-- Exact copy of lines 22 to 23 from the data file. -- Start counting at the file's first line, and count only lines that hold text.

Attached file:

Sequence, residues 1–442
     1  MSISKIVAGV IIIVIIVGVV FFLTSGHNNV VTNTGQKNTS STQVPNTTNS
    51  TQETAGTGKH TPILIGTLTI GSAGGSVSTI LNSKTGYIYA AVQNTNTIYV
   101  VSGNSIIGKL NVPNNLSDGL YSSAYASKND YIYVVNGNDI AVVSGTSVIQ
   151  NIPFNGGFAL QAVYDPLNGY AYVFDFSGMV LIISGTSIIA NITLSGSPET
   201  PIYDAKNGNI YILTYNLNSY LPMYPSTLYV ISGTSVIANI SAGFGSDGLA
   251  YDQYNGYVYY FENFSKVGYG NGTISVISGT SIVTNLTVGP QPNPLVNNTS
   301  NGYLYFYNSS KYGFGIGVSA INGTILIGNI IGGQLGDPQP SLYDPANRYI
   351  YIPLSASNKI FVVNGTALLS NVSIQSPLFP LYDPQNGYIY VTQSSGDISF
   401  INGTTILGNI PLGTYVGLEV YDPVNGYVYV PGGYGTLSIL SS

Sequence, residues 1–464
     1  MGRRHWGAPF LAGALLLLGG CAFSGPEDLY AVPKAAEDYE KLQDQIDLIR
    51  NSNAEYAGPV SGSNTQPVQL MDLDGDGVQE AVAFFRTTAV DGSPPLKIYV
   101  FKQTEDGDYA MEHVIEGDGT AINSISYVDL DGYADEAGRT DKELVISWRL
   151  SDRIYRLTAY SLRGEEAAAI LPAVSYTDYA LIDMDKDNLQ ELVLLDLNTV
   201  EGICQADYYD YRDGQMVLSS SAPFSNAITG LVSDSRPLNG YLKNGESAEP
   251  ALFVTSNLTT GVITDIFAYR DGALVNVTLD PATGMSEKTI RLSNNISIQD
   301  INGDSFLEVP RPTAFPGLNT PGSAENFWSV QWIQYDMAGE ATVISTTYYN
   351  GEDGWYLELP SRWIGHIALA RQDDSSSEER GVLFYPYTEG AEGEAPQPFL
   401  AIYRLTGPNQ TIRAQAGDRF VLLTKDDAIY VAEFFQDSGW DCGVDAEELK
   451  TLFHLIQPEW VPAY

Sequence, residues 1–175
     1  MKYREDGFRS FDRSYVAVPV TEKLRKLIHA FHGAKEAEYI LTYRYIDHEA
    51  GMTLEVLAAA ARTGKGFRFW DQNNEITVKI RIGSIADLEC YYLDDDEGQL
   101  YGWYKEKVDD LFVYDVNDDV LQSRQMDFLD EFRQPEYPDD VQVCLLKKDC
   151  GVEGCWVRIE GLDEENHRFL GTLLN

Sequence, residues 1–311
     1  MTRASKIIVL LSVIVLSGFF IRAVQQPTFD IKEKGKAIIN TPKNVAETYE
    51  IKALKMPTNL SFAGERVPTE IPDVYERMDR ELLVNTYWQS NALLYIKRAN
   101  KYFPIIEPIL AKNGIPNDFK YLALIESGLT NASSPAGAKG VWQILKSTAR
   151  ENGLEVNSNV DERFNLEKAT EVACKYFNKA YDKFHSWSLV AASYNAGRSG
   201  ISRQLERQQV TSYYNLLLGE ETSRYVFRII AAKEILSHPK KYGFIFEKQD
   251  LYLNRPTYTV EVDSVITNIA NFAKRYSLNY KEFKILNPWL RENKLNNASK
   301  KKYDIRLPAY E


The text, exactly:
Sequence, residues 1–175
     1  MKYREDGFRS FDRSYVAVPV TEKLRKLIHA FHGAKEAEYI LTYRYIDHEA